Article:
In-depth Reviews

Lamborghini Huracan Evo Spyder convertible

"There are few cars in the world that can match the Lamborghini Huracan Evo Spyder for sound and sheer theatre"

Carbuyer Rating

3.8 out of 5

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Pros

  • Mind-blowing V10 engine...
  • ...that's even louder without a roof
  • Stunning looks

Cons

  • Cramped interior
  • Expensive options
  • Steering lacks ultimate level of feel

The Lamborghini Huracan Evo Spyder is a car for people who look at the coupe version and want more: more thrills, more noise and, arguably, more attention.

The 'Evo' part of the name was added to the Huracan when the car was facelifted in 2019. A range of changes included sharper bodywork, more downforce, a titanium exhaust system, rear-wheel steering, a new infotainment system and, most importantly, the 631bhp V10 engine used in the Performante model of the previous Huracan.

This 5.2-litre V10 engine, also found in the Audi R8, is absolutely central to the Huracan Evo's appeal; it will get the car from 0-62mph in 2.9 seconds and on to a top speed of 202mph, but the way it sounds is as impressive as the performance. The raucous howl from the exhaust with the car in its most aggressive driving mode under full throttle is like an old Formula 1 car. There's virtually nothing on the market that sounds as dramatic and exciting, perhaps with the exception of a Ferrari 812 Superfast.

Lamborghini charges about £20,000 more for the Spyder over an equivalent Huracan coupe. In the world of supercar ownership, that’s the cost of a couple of optional extras - some of the paint choices, for example, are almost £10,000 each.

MPG, running costs & CO2

Few cars are as expensive to run as the Huracan Evo Spyder but owners will expect this

The Huracan Evo Spyder’s on-paper running costs are high, with fuel economy pegged at 19.9mpg. Drive it with enthusiasm and that figure will comfortably plummet into single figures.

After the first year's CO2-based road tax (generally included in the on-the-road price), the Huracan will cost £145 a year to tax, but as it costs over £40,000, it’ll be liable for a £320 surcharge from years two to six, bringing the annual bill to £465 during that period.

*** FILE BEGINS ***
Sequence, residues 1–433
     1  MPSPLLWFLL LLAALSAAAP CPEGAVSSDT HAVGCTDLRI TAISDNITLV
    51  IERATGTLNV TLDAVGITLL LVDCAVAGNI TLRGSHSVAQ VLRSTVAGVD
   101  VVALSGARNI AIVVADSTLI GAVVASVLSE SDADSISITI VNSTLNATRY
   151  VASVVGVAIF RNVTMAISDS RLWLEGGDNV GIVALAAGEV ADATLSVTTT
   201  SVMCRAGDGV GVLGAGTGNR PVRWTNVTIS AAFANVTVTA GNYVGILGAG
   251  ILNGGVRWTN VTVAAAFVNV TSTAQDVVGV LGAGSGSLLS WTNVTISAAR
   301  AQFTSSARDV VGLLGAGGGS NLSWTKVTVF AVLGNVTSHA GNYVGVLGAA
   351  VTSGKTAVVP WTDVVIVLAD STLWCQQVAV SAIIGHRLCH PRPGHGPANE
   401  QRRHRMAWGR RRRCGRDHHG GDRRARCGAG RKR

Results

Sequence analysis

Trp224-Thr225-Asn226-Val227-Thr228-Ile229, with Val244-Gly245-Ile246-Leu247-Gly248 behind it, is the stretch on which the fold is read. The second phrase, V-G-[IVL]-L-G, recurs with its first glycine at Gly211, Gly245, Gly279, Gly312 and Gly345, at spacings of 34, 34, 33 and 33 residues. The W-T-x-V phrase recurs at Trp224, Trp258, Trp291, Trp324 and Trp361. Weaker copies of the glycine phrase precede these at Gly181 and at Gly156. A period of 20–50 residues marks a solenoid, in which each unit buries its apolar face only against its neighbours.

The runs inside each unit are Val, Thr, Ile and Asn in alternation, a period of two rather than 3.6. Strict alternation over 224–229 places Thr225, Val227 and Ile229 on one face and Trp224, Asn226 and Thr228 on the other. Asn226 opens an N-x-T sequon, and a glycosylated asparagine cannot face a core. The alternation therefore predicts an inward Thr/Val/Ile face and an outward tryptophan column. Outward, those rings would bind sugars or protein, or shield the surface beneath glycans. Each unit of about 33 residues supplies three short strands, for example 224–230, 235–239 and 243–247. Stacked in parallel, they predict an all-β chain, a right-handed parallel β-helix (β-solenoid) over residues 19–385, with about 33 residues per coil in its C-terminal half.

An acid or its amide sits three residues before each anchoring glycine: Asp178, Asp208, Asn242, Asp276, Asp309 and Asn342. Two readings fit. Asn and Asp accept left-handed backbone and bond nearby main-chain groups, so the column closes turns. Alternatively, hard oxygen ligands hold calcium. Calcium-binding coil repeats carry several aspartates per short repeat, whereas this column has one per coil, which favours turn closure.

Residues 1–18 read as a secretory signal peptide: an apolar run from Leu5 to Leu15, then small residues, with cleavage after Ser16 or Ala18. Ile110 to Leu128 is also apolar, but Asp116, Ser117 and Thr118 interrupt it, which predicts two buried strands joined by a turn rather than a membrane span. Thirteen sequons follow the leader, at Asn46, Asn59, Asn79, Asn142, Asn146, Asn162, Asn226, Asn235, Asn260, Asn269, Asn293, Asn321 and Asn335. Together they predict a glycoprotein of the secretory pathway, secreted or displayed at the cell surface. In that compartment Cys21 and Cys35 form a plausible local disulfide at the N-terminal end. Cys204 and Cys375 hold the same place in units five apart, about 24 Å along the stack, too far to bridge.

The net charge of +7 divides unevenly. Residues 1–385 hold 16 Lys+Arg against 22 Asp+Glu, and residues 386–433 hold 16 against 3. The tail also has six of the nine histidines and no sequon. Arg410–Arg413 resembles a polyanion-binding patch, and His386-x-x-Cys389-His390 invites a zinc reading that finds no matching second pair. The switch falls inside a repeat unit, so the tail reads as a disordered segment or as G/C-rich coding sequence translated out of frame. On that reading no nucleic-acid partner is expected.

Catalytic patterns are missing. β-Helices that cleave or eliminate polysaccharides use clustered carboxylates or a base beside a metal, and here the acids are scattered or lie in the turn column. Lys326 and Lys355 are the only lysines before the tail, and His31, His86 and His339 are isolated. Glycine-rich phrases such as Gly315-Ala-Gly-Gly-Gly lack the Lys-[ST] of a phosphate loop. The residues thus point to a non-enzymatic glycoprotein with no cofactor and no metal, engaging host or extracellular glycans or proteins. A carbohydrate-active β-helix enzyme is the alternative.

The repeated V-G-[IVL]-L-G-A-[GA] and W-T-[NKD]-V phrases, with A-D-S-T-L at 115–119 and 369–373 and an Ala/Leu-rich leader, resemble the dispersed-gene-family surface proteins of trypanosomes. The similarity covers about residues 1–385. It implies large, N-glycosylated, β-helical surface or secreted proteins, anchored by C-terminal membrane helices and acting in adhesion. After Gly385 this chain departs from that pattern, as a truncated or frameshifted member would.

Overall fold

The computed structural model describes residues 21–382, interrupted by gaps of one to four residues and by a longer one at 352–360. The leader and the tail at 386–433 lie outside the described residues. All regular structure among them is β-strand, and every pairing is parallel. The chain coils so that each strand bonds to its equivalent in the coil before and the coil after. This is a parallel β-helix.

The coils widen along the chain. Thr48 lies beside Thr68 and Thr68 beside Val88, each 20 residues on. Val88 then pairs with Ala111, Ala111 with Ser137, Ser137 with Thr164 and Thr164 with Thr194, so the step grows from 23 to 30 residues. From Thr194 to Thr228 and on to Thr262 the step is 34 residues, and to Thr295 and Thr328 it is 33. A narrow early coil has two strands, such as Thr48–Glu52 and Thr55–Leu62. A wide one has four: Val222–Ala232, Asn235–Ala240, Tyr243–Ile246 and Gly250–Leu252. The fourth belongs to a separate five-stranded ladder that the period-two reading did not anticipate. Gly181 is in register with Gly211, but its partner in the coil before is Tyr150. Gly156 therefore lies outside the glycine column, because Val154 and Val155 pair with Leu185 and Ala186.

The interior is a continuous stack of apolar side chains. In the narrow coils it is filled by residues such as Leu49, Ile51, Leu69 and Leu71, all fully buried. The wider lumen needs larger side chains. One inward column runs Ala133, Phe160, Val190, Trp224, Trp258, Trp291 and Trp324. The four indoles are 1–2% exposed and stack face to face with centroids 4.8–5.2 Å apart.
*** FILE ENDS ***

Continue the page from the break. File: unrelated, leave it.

While fuel economy and road tax are undoubtedly expensive, the big bills are likely to come when insurance and maintenance are required. Expect four-figure quotes from garages, tyre shops and brokers alike.

Engines, drive & performance

Drop the roof, floor the throttle and you’ll immediately understand the Spyder’s appeal

As a naturally aspirated (non-turbocharged) supercar, the Huracan is part of a dying breed: more and more supercars feature turbochargers in order to meet efficiency targets; as a result, the free-revving nature, linear power delivery and acoustic character of naturally aspirated supercars are becoming ever-more special and sought-after.

The 631bhp 5.2-litre V10 engine in the Huracan Evo is simply a masterpiece, and taking it all the way up to the 8,500rpm redline is hugely addictive. The engine gets the Huracan Spyder from 0-62mph in 2.9 seconds and on to a top speed of 202mph, but prodding the throttle for any amount of time is a pleasure thanks to the sonorous, visceral noise the engine makes. The seven-speed gearbox is an excellent match for the engine, delivering incredibly quick shifts that seem light years quicker than they did in the Gallardo, the model the Huracan replaced.

The car is so fast and powerful that exploiting the engine's full potential, and that of the car as a whole, is essentially impossible anywhere other than a race circuit. Full throttle in any gear for more than a few seconds will have you doing speeds that are very likely to be illegal for the road you're on.

The ride quality is reasonably good when you’re trying to drive gently. Three driving modes affect how the engine’s power is split between the front and rear wheels and they also adjust the way in which the throttle, steering, suspension, exhaust and gearbox behave. Stick with Strada (road) and the Huracan is relatively comfortable, with the damping taking the edges off lumps and bumps in the road. Switch into Sport and the car's responses sharpen up and valves in the exhaust open to make the car louder.